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A.Word.A.Daywith Anu Garg
noun: Common sense.
From horse, from Old English hors + sense, from Latin sensus (faculty of feeling). Earliest documented use: 1832.
Why horses in this idiom, as opposed to, say, foxes? Perhaps it’s the association of horses with the country and the sound practical judgment shown by an unsophisticated country person. Or maybe it’s an allusion to a horse’s sense in staying out of trouble. Also, in Jonathan Swift’s 1726 satire Gulliver’s Travels, Houyhnhnms is a race of horses endowed with reason, contrasted with Yahoos (boorish humans). Compare the term horsefeathers (nonsense).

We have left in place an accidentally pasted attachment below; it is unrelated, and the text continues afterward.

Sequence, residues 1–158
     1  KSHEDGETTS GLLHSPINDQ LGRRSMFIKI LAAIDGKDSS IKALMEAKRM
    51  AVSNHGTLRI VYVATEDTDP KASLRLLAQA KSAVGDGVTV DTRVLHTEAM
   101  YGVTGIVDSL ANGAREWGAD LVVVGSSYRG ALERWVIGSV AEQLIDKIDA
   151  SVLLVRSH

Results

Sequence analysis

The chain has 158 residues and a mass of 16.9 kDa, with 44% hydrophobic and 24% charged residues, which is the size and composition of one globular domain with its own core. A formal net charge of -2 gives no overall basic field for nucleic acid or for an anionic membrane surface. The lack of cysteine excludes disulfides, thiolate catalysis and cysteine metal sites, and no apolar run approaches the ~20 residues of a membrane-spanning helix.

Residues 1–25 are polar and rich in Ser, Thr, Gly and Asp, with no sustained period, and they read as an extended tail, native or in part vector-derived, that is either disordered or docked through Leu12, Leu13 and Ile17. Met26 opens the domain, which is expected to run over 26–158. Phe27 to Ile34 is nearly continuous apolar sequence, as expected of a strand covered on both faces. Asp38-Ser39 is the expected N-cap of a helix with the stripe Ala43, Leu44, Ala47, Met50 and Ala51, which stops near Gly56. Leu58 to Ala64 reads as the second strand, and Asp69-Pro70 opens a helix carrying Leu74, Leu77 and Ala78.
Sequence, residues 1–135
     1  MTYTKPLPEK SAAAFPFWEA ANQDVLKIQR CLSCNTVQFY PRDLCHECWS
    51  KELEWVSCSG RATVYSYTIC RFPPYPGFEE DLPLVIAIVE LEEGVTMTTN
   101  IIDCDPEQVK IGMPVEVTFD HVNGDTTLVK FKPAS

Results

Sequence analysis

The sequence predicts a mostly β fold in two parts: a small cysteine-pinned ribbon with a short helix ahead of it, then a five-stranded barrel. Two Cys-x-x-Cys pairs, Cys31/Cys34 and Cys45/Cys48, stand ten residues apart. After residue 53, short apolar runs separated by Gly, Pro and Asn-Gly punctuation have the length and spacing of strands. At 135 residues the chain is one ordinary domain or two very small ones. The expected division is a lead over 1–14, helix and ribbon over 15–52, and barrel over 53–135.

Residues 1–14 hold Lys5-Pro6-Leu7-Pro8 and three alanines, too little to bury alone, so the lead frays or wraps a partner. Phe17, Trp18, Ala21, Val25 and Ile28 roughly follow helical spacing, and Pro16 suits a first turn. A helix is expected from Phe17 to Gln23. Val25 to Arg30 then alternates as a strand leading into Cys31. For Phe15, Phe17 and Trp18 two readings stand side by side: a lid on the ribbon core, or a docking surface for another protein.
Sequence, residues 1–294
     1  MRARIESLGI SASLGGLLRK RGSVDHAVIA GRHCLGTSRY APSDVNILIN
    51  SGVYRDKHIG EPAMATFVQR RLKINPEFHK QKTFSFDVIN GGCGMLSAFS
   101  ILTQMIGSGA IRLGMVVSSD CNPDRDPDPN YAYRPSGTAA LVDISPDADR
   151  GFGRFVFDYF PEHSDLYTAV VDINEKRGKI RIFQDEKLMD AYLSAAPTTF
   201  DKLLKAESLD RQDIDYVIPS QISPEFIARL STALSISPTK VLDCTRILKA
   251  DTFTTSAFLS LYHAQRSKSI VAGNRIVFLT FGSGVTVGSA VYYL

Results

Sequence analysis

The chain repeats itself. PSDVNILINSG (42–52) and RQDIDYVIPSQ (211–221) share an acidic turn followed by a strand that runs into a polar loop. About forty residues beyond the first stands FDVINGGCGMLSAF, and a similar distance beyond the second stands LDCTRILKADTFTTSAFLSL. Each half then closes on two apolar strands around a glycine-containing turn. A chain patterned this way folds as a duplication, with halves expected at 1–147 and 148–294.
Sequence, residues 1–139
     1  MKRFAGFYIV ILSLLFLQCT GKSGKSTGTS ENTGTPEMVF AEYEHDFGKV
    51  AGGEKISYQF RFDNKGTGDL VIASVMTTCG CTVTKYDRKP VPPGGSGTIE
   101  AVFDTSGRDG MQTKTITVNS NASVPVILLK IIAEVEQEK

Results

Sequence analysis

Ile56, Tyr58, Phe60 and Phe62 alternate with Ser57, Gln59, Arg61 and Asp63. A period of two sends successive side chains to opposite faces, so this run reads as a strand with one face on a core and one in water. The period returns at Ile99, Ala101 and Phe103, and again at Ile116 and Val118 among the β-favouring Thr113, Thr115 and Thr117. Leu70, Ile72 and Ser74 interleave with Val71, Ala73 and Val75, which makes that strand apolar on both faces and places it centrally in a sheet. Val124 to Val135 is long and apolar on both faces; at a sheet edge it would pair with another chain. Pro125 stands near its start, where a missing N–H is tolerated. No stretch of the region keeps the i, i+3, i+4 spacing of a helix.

“‘There’s so much more to it than that, just dealing with personalities in the room, reading the room, conversations, and then just good, old-fashioned horse sense.’”
Bruce Miles; Maddon Wants More for Established Managers; Daily Herald (Arlington Heights, Illinois); Aug 23, 2019.
See more usage examples of horse sense in Vocabulary.com’s dictionary.
A THOUGHT FOR TODAY:History is a novel whose author is the people. -Alfred de Vigny, poet, playwright, and novelist (27 Mar 1797-1863)